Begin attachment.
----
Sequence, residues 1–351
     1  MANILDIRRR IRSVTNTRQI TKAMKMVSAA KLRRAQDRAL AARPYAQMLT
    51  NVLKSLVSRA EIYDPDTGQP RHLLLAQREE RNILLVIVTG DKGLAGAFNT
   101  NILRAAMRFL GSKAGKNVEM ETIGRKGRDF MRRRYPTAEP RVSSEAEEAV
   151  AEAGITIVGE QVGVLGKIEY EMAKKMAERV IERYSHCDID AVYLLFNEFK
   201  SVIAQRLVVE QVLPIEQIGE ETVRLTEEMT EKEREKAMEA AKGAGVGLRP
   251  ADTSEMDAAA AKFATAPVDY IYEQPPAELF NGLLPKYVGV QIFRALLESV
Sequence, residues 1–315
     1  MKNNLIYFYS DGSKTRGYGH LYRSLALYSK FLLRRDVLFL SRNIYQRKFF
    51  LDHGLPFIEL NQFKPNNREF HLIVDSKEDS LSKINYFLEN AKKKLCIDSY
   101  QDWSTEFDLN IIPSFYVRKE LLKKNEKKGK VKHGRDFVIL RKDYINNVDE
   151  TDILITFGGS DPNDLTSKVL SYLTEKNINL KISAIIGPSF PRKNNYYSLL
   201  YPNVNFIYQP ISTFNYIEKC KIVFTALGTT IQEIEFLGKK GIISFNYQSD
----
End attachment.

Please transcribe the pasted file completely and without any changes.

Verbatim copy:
Sequence, residues 1–351
     1  MANILDIRRR IRSVTNTRQI TKAMKMVSAA KLRRAQDRAL AARPYAQMLT
    51  NVLKSLVSRA EIYDPDTGQP RHLLLAQREE RNILLVIVTG DKGLAGAFNT
   101  NILRAAMRFL GSKAGKNVEM ETIGRKGRDF MRRRYPTAEP RVSSEAEEAV
   151  AEAGITIVGE QVGVLGKIEY EMAKKMAERV IERYSHCDID AVYLLFNEFK
   201  SVIAQRLVVE QVLPIEQIGE ETVRLTEEMT EKEREKAMEA AKGAGVGLRP
   251  ADTSEMDAAA AKFATAPVDY IYEQPPAELF NGLLPKYVGV QIFRALLESV
Sequence, residues 1–315
     1  MKNNLIYFYS DGSKTRGYGH LYRSLALYSK FLLRRDVLFL SRNIYQRKFF
    51  LDHGLPFIEL NQFKPNNREF HLIVDSKEDS LSKINYFLEN AKKKLCIDSY
   101  QDWSTEFDLN IIPSFYVRKE LLKKNEKKGK VKHGRDFVIL RKDYINNVDE
   151  TDILITFGGS DPNDLTSKVL SYLTEKNINL KISAIIGPSF PRKNNYYSLL
   201  YPNVNFIYQP ISTFNYIEKC KIVFTALGTT IQEIEFLGKK GIISFNYQSD